Visual Culture
For 20 Years, This Photographer Has Captured Mohawks in the Wild
Ed Templeton, Punk Tempere, Finland, 2018. Courtesy of the artist and Roberts Projects.

Ed Templeton, Punk Tempere, Finland, 2018. Courtesy of the artist and Roberts Projects.

“I’m coming at it through a stance of awe,” says the photographer Ed Templeton, discussing his portraits of mohawk-wearers around the world. “I like dressing super plain, not revealing anything about myself. But these people go: ‘I’m a punk, and I’m going to spike my hair up and walk around on the street and be that guy every day.’ I’m in awe of that, as an anthropological thing.”

The mohawk, like many cultural appropriations, has a fraught and twisty-turny history. Despite its Native American roots, it has—in its more extravagant, spiked, dyed forms—become associated in the popular imagination with the (predominantly white and male) punk rockers who adopted the haircut as an impossible-to-miss middle finger to the mainstream. The mohawk itself bifurcates into a dazzling array of subcategories, from the Chelsea hawk to the lazy hawk, and the dreadhawk to the rat-hawk.

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Templeton’s attraction to the hairstyle as a cultural marker makes sense: He first picked up photography in the early ’90s to document the culture of skateboarding (he turned pro in 1990) and has long been a documentarian of youth. In his time, Templeton has seen reactions to the hairstyle change significantly. What was once an incendiary gesture can now seem like the trappings of a costume. “The mainstreaming of the mohawk is a real bummer for the authentic punks who have been living that lifestyle forever,” he admits. “Even the kids I see who are legit punks, there’s an element of dress-up.”

Partly, Templeton says, it’s the internet that has made once-rebellious or niche subcultures accessible to anyone. What was once a labor of love—diving into a genre’s intricacies, paying one’s dues—has become effortless. “You could be a nerd one second, with no musical taste, and then find goth music, downloading everything, ordering every piece of goth clothing on Amazon. You can go from zero to full-on goth in one week if you wanted to.”

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The broader acceptance of the mohawk, however, has made Templeton’s job as a photographer easier. “Now, having a mohawk in public isn’t a sign of  ‘leave me alone.’ It’s a sign of ‘come talk to me.’ Every single person I’ve gone up to has been delighted that I want to take their photo.”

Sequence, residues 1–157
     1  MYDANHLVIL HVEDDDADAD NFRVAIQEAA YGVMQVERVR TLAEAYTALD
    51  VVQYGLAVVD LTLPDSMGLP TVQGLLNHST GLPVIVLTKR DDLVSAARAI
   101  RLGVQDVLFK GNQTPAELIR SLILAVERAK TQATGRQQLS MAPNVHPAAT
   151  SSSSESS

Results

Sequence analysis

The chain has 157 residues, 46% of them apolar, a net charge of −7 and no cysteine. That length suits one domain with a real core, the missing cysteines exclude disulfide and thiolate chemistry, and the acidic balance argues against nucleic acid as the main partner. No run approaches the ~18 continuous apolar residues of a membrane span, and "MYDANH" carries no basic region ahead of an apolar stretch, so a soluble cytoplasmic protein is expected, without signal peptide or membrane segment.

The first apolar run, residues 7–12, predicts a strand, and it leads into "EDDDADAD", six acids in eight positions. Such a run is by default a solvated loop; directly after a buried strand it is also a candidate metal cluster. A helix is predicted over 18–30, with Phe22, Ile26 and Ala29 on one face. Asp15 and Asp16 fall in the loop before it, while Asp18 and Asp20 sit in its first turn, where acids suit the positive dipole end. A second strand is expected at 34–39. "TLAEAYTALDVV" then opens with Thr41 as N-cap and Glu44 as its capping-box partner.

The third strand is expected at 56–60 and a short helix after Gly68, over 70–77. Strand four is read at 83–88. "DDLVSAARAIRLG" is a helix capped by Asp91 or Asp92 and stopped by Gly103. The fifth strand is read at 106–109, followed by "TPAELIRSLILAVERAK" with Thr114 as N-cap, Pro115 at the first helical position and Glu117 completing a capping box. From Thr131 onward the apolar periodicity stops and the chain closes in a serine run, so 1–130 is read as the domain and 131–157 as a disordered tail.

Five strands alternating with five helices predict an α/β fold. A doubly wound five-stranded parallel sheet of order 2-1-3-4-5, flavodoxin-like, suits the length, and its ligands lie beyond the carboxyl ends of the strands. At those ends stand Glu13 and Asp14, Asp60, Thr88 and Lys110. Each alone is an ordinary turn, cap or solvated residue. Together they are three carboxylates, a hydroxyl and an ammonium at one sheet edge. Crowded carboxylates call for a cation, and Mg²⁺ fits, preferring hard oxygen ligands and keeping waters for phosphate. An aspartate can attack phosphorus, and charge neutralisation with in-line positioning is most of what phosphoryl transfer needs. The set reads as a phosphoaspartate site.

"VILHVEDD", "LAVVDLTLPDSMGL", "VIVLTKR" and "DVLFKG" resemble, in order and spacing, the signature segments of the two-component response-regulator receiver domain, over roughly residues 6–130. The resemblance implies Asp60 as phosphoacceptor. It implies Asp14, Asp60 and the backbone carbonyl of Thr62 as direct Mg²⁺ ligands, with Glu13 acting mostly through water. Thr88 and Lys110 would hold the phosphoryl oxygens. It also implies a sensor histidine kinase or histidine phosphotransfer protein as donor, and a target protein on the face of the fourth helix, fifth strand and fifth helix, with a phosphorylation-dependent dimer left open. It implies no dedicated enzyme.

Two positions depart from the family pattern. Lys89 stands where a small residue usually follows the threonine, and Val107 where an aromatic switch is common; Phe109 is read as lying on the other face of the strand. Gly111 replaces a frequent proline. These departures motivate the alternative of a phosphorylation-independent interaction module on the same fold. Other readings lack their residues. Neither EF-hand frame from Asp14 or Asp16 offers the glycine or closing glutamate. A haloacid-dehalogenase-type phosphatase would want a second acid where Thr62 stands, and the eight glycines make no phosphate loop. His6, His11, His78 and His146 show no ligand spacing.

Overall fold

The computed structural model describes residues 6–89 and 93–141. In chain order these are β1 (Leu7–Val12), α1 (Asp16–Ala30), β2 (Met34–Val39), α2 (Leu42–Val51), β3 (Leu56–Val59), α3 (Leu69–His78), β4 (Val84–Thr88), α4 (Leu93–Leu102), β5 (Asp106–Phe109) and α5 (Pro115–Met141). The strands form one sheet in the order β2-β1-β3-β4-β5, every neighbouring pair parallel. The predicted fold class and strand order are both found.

Templeton’s mohawk-centric photo series is currently on view at Roberts Projects in Los Angeles. (The show, “Hairdos of Defiance,” borrows its title from a phrase coined by Thrasher magazine’s skate photographer Mark Burnett.) While many might think of today’s mohawk as an affectation of white teens in the suburbs, there’s a surprising diversity captured in these images, from a young African-American punk in Detroit (sporting a rare tri-frohawk) to a young girl in Long Beach with almost shockingly high mohawk plumage.

Ed Templeton, Sunbathe Hawk, HB, 2016, 2018. Courtesy of the artist and Roberts Projects.

Ed Templeton, Sunbathe Hawk, HB, 2016, 2018. Courtesy of the artist and Roberts Projects.

In other instances, a gentle pathos abounds: A portrait taken in 2015 depicts an older punk with a “balding hawk” that starts “in the middle of his head.” Another image catches a high-mohawked man sprawled on the sands of Huntington Beach, reading.

Other photographs capture the labor-intensive upkeep that a mohawk can require, with friends helping each other gel and sculpt tall liberty spikes—the hair carefully twisted into a row of knife-like points. Templeton acknowledges that there’s an unexpected fussiness involved in maintaining such a dramatic hairstyle. “For me, punk was an attitude where you just didn’t care,” he says. “Spending an hour fixing your hair—for my sensibilities, that’s not punk.”

I asked Templeton if he’s encountered many avid skateboarders who also rock mohawks. He can’t think of any; indeed, the sport would seem to beg for a more aerodynamic haircut. But the artist is already conjuring the possibilities. “I was imagining a guy skating down a bike path,” he muses, “using his hawk as a sail….”  

Scott Indrisek is Artsy’s Deputy Editor.